We have an old sliding patio door. It gets chilly near it during winter and hot during summer. It is often drafty and outdoor noise comes through. What should I replace it with?—Ron A.
In a home of average efficiency, that old sliding glass door can waste more energy year-round than all the walls in that room combined. The heat is lost during winter and gained during summer as a result of air leakage and conduction losses through the glass itself.
Besides losing energy directly through the door, this inefficiency can make you set the thermostat higher during winter or lower during summer to stay comfortable, raising your utility bills.
There have been tremendous improvements in energy efficiency, security, and styling of replacement patio doors. Some of the new high-tech glass in these doors has an insulation value as high as R-10 in the center of the glass. It has special coatings on the glass surface that reduce heat transfer and block the majority of the sun’s fading ultraviolet rays. This can extend a like-new appearance and the actual life of your carpeting and furniture.
Many homeowners have told me that the first thing their family notices when a new efficient patio door is installed is the reduced outdoor noise. Much of the noise comes through the glass panes, but a significant amount also comes from around the frame and seals. Resilient weatherstripping greatly reduces air leakage, and multi-pane glass—with heavy inert gas between the panes—blocks sound.
Although any type of efficient replacement door can be installed, most people replace an old sliding glass door with either another sliding door or French doors.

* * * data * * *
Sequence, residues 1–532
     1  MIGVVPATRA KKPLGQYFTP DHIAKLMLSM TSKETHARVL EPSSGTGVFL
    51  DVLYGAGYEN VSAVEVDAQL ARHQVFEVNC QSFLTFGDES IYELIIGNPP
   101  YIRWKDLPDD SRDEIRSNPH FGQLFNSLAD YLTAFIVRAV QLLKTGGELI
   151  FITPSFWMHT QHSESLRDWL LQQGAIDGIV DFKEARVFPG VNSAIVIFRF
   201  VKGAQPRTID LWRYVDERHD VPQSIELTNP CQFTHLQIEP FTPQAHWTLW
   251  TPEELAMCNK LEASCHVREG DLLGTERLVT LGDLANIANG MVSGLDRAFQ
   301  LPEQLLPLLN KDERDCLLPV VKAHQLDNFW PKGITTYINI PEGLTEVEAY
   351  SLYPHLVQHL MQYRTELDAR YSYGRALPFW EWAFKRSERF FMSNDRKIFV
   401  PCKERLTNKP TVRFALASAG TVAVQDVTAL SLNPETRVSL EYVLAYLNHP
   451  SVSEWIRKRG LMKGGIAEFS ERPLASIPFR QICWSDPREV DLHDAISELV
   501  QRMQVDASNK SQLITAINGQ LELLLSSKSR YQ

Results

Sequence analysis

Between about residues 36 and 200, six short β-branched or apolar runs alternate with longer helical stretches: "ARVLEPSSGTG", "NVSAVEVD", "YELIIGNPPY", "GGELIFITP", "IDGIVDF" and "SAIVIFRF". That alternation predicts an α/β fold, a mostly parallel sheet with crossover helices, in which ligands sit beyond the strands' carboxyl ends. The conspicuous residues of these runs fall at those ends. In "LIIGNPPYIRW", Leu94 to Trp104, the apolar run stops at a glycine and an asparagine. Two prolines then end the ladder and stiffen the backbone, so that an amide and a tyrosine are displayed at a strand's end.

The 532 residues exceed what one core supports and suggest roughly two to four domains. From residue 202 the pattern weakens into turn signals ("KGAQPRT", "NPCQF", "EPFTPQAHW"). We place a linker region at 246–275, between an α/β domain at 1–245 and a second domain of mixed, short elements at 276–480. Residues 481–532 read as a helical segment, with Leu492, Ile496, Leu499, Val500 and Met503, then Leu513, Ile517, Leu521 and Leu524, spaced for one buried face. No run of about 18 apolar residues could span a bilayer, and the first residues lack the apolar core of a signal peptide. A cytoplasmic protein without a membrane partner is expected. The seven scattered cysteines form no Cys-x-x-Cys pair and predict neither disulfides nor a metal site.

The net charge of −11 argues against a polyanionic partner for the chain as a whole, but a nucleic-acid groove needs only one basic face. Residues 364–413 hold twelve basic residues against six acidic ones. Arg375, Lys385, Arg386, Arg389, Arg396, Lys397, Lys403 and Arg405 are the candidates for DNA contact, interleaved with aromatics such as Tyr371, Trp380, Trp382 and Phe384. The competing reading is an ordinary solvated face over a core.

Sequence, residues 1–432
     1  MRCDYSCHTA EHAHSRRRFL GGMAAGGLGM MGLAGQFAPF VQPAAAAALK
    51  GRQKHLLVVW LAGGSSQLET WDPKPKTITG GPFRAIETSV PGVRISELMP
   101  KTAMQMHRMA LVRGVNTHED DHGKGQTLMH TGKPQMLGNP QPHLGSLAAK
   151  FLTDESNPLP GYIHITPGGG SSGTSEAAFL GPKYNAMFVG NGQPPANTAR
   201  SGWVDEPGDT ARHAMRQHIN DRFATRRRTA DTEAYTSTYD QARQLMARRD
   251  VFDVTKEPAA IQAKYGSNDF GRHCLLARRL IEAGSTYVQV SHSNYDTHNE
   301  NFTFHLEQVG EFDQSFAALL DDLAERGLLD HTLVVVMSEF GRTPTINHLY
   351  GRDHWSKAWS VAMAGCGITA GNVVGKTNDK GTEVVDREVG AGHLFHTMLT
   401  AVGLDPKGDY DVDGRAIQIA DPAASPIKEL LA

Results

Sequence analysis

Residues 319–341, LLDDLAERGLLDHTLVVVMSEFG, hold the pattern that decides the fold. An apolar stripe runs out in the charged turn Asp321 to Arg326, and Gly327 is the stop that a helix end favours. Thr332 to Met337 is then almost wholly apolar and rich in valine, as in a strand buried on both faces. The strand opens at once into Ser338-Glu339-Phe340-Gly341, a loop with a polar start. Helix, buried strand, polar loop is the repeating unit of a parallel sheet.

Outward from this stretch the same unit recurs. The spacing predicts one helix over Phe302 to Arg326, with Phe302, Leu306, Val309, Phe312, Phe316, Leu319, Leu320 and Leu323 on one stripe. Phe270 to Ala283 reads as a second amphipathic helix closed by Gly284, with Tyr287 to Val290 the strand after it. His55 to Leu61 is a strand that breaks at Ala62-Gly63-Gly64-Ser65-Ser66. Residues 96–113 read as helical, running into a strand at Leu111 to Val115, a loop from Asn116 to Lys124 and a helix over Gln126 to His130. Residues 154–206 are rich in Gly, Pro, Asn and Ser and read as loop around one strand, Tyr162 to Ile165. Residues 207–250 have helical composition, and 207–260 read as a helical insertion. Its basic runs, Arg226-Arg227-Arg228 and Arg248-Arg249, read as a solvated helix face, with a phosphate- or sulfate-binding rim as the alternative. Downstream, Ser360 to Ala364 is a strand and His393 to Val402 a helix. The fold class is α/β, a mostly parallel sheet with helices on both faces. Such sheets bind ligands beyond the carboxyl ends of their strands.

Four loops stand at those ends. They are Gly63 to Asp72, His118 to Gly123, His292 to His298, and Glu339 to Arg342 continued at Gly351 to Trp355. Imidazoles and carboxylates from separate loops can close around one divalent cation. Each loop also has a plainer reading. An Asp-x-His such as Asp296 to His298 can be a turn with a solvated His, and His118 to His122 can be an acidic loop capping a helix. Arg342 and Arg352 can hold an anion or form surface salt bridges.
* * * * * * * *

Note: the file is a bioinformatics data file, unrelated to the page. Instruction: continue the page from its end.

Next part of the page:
Hinged French doors are more stylish. Hinged doors close on a compression weatherstripping seal, often making French doors more airtight. Sliding doors rely on noncompression types of weatherstripping. Even though it is not as airtight, it will be better than your existing door.
French doors are easy to swing open, but require a large area for clearance. A sliding door just slides in its track, so it requires no clearance. Sliding doors also provide a more unobstructed view. There is a little more maintenance on a sliding door to keep its track clean so it opens and closes easily.
Most door manufacturers allow you to order almost any type of glass. The best type for your home depends on factors such as your climate, orientation to the sun, and natural shading. In general, the minimum efficiency level you should select is double-pane glass with a low-emissivity coating and argon gas between the panes.
Even more efficient, but more expensive, is triple-pane glass or double-pane glass with low-emissivity plastic films stretched between them. Selecting optional krypton gas instead of argon gas in the gap between the panes improves efficiency and reduces outdoor sound.
The frame material is also important for efficiency and smooth operation. A pultruded fiberglass frame is strong and stable. Its strength allows for narrower frame profiles and more glass area. Fiberglass frames can be ordered with a real oak wood veneer on the indoor surfaces. The exterior is painted.
Vinyl door frames reinforced with internal steel supports are good insulators, maintenance-free, and reasonably priced. Solid wood frames are attractive and strong, but require regular maintenance. Choosing one with exterior vinyl or aluminum cladding minimizes this maintenance.
The following companies offer efficient patio doors: Champion Window, (800) 875-5575, www.championwindow.com; Fibertec, (888) 232-4956, www.fibertec.com; Peachtree, (800) 732-2499, www.peachtreedoor.com; Simonton, (800) 746-6686, www.simonton.com; and Weathershield, (800) 222-2995, www.weathershield.com.